The Ithaca Common Council convened Wednesday to discuss updates on restructuring of the city government, with council members weighing the introduction of the city manager role that would shift some of the governing workload from the mayor.
Members of Common Council said they envision this position as a way to reduce the mayor’s workload — the mayor would transition to working part time, becoming a figurehead with similar voting powers to Common Council members. In addition to taking on the mayor’s administrative responsibilities, the city manager would replace the chief of staff role, a vacancy that was filled by Faith Vavra in September 2021.
Mayor Svante Myrick ’09 first introduced the city manager position in his January 2021 State of the City Address. In April 2021, the Ithaca City Administration Council formally proposed creating a city manager role, revealing that this position would replace the Common Council’s chief of staff position. They created the working group for city government structure to develop the position.
Redistributing responsibilities is a particularly important issue to Common Council members who work part time and receive a $10,141 stipend per year, with some saying they feel overworked.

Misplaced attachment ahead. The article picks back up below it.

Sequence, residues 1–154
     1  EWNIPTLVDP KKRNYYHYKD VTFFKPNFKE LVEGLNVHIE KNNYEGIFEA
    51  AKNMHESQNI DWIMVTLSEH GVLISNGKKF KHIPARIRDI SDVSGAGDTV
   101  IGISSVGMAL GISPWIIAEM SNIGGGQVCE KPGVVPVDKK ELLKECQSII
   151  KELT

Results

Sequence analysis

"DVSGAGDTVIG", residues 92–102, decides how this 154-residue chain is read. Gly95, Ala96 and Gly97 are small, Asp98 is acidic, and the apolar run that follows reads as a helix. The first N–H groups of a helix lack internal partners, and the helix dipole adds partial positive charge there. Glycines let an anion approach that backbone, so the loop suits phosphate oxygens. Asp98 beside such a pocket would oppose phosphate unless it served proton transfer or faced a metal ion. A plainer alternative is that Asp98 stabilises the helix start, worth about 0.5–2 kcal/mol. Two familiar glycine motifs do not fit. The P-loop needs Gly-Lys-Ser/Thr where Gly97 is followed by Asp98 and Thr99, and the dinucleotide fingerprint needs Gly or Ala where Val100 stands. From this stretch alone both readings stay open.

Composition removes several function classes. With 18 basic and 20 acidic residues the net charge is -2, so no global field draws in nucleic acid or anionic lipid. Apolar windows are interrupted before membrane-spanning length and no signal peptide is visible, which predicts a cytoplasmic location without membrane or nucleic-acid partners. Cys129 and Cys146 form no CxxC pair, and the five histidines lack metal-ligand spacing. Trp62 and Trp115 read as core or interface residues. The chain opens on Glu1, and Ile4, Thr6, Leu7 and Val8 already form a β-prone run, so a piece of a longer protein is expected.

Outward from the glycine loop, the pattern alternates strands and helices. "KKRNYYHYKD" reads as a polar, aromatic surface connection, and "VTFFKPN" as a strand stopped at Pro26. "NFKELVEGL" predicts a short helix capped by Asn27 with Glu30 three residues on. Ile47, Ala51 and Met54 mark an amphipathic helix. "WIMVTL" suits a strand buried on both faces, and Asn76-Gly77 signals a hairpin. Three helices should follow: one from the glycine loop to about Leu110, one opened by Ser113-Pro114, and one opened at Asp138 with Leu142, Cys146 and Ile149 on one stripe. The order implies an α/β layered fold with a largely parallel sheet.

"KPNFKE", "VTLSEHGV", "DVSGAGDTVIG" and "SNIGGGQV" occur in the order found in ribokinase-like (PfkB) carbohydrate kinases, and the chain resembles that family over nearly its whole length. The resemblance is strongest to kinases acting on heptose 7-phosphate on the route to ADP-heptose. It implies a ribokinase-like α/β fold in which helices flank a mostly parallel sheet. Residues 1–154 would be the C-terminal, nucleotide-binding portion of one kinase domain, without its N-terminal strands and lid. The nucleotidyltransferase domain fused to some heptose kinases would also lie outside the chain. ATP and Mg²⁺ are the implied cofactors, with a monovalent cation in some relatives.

“Theoretically, we’re working under 20 hours [a week],” Cynthia Brock (D-1st Ward) said. “But the expectation that we put on council members [and mayors] to participate and be involved and active in all of these groups … can [we] actually have another 20-hour a week job or a full-time job and adequately do what we [are expected to do]?”
Although the city manager won’t take on Common Council members’ workloads, several council members expressed their support for the idea of dividing responsibilities between a city manager and the mayor, who earns $58,561 per year.
“I think it’s important to establish a norm that these are positions, both the mayor and council, that someone can do while balancing other responsibilities, whether it’s a job or whether it’s family obligations,” Seph Murtagh (D-2nd Ward) said. “I also think we should do that because we’re not prepared, I think, to offer the level of salaries that we should if these were actually full-time.”
In addition to salaries, this shift in governance could attract candidates looking for more part-time work.
“I fully expect the mayor’s job to be no more than half time if managed well, under the new system,” said Donna Fleming (D-3rd Ward). “And I think it will be a terrific job for somebody who is committed to the community, and as Seph said, has other interests. There are lots of highly-qualified and highly-educated people who want a half-time job.”
If approved, the city manager role will go on the ballot in November 2022 and will go into effect on Jan. 1, 2023 when the current mayoral term ends. The city manager would be selected by members of Ithaca Common Council.